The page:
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Management

Intel diversity statistics show slow pace of progress

43.1 per cent of its hires last year were either women or underrepresented minorities

PUBLISHED : Friday, 05 February, 2016, 10:01am
UPDATED : Friday, 05 February, 2016, 10:01am

Intel’s newly released diversity hiring statistics show just how difficult it is for even the most motivated company to make real, substantive change in its workforce.

Just over a year ago, Intel chief executive Brian Krzanich made a bold pledge: the company’s workforce would reach full representation of women and under-represented minorities by 2020.

Full representation would mean that Intel’s workforce in the United States would match the supply of skilled talent available for current roles, the company said. For example, the company calculates that while women make up 50 per cent of the US population, they make up 22.7 per cent of the labour force with the skills consistent with the technical positions Intel is trying to fill.

Intel reported on Tuesday that 43.1 per cent of its hires last year were either women or underrepresented minorities, surpassing its goal of 40 per cent, Danielle Brown, the company’s chief diversity officer, said.

Broken down, 35.5 per cent of Intel’s hires were women and 11.8 per cent were from underrepresented minorities, which in tech firms means African Americans, Hispanics and Native Americans.

In 2016 the company’s goal is to retain its diverse employees, Brown said.

After a year of the project, the chip-making giant was able to increase the portion of female technical workers it employed by 1.18 percentage points, but the percentage of Hispanic workers decreased by 0.08 percentage point while the percentage of African American technical workers stayed flat.

This occurred even as the absolute numbers of women, Hispanics and African Americans at the company increased, because the entire workforce was growing.

Intel’s overall workforce grew to 53,672 by the end of 2015, the company said in a report issued on Tuesday.

When you have a large number, even a 1 per cent of change is pretty difficult
Telle Whitney, Anita Borg Institute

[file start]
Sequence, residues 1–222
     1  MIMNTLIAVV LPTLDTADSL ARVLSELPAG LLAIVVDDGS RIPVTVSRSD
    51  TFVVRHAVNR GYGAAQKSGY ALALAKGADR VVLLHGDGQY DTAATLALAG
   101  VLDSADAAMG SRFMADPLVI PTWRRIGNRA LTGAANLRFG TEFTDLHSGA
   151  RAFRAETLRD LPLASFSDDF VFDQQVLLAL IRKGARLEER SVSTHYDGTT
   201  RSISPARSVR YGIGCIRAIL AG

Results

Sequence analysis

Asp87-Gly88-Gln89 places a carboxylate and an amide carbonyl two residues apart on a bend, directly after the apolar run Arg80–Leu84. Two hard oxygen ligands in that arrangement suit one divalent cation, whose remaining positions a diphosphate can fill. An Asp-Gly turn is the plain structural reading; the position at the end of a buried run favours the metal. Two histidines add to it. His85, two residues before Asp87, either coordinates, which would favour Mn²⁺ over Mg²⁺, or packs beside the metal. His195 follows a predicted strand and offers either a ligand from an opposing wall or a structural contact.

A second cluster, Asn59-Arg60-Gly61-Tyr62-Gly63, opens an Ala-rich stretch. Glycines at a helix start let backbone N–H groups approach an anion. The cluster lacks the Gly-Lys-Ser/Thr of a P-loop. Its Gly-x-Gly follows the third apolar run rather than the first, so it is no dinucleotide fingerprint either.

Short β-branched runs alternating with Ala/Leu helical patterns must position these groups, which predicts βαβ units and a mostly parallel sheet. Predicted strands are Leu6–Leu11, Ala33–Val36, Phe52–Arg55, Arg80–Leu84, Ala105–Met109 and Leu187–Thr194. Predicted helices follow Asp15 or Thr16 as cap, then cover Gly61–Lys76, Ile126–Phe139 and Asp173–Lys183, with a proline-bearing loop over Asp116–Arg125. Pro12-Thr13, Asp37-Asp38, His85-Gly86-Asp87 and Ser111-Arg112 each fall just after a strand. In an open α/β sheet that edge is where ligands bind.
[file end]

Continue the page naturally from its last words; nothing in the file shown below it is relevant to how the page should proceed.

The number of female workers at the end of 2015 was 13,299, up from 11,836 and the end of 2014. That put women at 24.8 per cent of Intel’s overall workplace, a portion that rose 1.28 percentage points in the course of a year. For women in technical positions – which make up about 85 per cent of the chip-maker’s overall workforce – 20.15 per cent of positions, or 9,176, were held by women.

Given the size of Intel’s overall staff, the 1.18 percentage point improvement in the ratio of female technical workers was actually very positive, said Telle Whitney, chief executive and president of the Anita Borg Institute, which works to increase women’s presence in technology.

“When you have a large number, even a 1 per cent of change is pretty difficult,“ she said. Higher than that “is actually pretty impressive”.

However representation for Hispanics moved in the opposite direction.

For Hispanic technical workers, Intel had 3,670 at the end of 2015, up from 3,533 at the end of 2014. Given that Intel’s overall workforce grew during that time, the actual percentage of its tech staff who were Hispanic declined by 0.08 of a percentage point, Intel said, with Hispanic workers making up 8.06 per cent of Intel’s tech workers.

African American representation in the tech work force at Intel as a percentage was unchanged. At the end of last year there were 1,522 African-American tech workers at Intel, an overall increase of 71 workers.

African Americans were 3.34 per cent of Intel’s tech workers at the end of 2015. However the percentage did not increase at all from 2014 given the rise in overall staffing.

African American workers among Intel’s employees overall were 1,882, 3.51 per cent of its workforce. That portion increased 0.06 of a percentage point since the end of 2014.

One bright spot was pay equity. Intel says it was able to achieve 100 per cent gender pay parity for women for all its US employees. “There is no gap in compensation between US men and US women at every level of the organisation,” Brown said.

But Intel has found retention to be an area needing special consideration. The company’s vice-president of global leadership and learning, Deb Bubb, said there were four consistent themes in terms of what impacted retention.

“They are isolation, a negative work environment, management quality and progression,” she said.

Brown said the company was working to create effective retention strategies, which included custom tailored solutions for individuals workers and creating community.

Intel’s rigour, specificity and transparency “really sets it apart from how a lot of companies are approaching diversity”, said Laura Weidman Powers, co-founder and chief executive of CODE2040, a non-profit organisation that focuses on getting more African Americans and Hispanics into the tech workforce.